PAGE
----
About 20 years ago, I played in one of the ugliest basketball games in my short lived basketball career. It was during a holiday tournament and my high school team played a 9am game.
I think there were about 37 people in the building (counting the cheerleaders) and you could hear every conversation going on. Needless to say, there was very little energy or excitement.
At halftime, the score was 11–8 and when the final buzzer went off, we lost 24–21. Yes, that’s right, the final score of a varsity high school basketball game was 24–21. It was utterly embarrassing.
Although we had several excuses on why we played so poorly (early start time, injuries, off day), the reality was that we assumed we could just “show up,” go through the motions and play a decent game. We were sorely mistaken and I learned a great lesson that day.
I have experienced and observed this lesson in life and business over the next twenty years as well.
I know professionals who feel that if they just “show up” for work every day, they will improve and get the results they desire. That is simply not the case.
Your growth and development at work, home, and in anything you want to improve upon will never happen automatically. You don’t get better by just waking up, putting your clothes on, heading to the office, going through the motions, coming home, and turning on the TV.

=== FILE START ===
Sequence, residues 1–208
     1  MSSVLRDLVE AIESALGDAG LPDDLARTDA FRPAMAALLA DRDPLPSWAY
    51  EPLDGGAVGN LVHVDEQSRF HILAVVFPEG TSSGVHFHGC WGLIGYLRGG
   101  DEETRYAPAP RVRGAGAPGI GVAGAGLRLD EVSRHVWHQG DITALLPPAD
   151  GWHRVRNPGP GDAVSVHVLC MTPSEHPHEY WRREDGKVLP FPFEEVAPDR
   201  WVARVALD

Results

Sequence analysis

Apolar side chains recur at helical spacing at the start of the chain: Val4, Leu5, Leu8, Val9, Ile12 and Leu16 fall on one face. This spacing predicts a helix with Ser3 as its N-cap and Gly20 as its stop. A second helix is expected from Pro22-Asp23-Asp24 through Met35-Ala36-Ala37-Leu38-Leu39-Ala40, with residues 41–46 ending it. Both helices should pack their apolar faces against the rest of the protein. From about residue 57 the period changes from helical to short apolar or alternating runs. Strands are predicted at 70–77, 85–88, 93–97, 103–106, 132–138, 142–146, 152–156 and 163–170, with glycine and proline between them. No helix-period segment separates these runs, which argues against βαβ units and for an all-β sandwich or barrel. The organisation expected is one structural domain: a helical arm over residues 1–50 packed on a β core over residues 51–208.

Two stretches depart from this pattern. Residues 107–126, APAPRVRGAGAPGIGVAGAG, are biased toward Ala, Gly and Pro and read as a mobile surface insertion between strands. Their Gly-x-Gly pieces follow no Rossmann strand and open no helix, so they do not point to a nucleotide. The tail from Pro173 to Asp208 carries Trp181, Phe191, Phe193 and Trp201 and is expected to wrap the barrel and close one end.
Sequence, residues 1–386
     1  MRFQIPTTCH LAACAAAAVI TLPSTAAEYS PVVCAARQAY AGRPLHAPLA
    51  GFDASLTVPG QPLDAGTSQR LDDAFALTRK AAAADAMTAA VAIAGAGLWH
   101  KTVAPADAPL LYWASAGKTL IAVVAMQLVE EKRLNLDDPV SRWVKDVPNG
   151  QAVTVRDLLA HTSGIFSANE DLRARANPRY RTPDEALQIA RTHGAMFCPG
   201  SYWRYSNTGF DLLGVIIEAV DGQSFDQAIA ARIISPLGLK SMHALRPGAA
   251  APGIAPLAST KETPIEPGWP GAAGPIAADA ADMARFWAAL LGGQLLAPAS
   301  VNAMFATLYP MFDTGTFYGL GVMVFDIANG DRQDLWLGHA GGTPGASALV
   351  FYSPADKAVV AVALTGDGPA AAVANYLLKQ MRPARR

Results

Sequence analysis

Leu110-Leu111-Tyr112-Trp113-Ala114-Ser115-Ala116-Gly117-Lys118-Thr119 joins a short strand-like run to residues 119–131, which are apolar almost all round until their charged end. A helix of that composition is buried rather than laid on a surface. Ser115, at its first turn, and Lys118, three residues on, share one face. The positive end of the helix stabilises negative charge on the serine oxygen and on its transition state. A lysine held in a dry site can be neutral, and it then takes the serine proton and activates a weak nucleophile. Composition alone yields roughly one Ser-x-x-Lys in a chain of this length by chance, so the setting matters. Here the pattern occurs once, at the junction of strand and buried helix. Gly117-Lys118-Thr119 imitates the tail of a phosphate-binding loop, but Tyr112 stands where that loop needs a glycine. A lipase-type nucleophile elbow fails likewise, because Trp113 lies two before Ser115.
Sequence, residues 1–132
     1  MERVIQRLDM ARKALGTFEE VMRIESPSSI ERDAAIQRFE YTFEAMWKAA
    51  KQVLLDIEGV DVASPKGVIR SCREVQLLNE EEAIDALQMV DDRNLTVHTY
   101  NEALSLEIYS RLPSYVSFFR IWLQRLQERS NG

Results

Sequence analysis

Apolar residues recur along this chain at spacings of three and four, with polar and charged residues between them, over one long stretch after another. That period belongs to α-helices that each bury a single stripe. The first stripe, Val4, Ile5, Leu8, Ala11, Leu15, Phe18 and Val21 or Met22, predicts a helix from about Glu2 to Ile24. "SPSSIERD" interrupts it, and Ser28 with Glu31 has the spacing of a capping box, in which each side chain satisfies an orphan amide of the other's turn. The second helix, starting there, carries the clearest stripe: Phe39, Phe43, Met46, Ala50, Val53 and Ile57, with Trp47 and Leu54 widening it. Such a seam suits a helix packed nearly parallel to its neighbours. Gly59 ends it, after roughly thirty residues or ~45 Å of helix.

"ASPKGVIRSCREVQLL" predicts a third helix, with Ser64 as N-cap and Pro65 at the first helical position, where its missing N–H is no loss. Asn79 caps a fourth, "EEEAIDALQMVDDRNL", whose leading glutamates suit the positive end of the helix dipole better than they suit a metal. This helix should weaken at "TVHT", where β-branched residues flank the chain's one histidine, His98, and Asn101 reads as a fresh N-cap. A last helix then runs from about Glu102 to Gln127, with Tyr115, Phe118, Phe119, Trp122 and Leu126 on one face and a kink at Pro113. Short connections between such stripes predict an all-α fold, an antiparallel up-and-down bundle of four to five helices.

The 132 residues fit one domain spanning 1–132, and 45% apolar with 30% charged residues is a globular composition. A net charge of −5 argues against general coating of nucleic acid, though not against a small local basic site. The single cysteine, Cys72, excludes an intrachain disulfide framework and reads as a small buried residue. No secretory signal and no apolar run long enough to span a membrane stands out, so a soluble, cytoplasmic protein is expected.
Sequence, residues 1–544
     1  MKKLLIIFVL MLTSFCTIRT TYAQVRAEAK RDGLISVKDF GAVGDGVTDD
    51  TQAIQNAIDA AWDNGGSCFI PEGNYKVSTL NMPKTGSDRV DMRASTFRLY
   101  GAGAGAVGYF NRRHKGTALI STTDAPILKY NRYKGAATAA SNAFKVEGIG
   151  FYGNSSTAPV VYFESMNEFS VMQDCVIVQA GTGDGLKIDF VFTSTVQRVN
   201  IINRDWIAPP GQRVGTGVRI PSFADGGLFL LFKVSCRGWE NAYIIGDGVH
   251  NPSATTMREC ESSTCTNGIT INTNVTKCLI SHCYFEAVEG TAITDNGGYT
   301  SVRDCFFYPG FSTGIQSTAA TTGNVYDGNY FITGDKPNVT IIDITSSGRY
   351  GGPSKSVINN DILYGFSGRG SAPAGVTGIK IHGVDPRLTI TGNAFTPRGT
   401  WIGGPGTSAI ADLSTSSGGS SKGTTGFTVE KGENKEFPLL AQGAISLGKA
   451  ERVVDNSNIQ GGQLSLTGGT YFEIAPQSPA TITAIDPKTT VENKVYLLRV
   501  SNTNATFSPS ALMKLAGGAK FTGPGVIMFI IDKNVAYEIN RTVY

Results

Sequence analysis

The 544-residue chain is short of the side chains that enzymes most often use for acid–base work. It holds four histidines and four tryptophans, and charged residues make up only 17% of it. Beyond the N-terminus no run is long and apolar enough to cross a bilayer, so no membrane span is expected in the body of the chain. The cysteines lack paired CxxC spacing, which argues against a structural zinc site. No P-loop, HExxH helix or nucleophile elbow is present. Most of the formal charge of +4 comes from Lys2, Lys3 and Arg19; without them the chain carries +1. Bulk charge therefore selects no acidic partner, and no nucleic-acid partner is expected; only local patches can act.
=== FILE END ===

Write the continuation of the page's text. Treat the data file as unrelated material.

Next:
My mentor says, “You don’t improve by simply living. You have to be intentional about it.”
For a large part of your life (your formal education), you showed up and were told what to learn, what to do, and how to do it. Then you graduate.
Once your formal education is finished, you must take complete ownership of your growth and development because guess what…….no one will do it for you.
If you want to improve and get better results in your life, you don’t have the luxury of simply “showing up.” Anyone can show up and that’s what most of our society does.
Some people tell me they just need more experience to be successful. While experience can be a great teacher, I know many people who simply experience the same day over and over and over. That’s not growth, that’s repetition.
Just as I learned on the basketball court 20 years ago, anyone can show up and get poor results. The difference between those who remain bound in their past and those that move forward is those moving forward show up with passion, hunger, and the desire to improve themselves daily. They never just “show up.”
Question: Are there places in your life where you just “show up?” You can leave a comment by clicking here.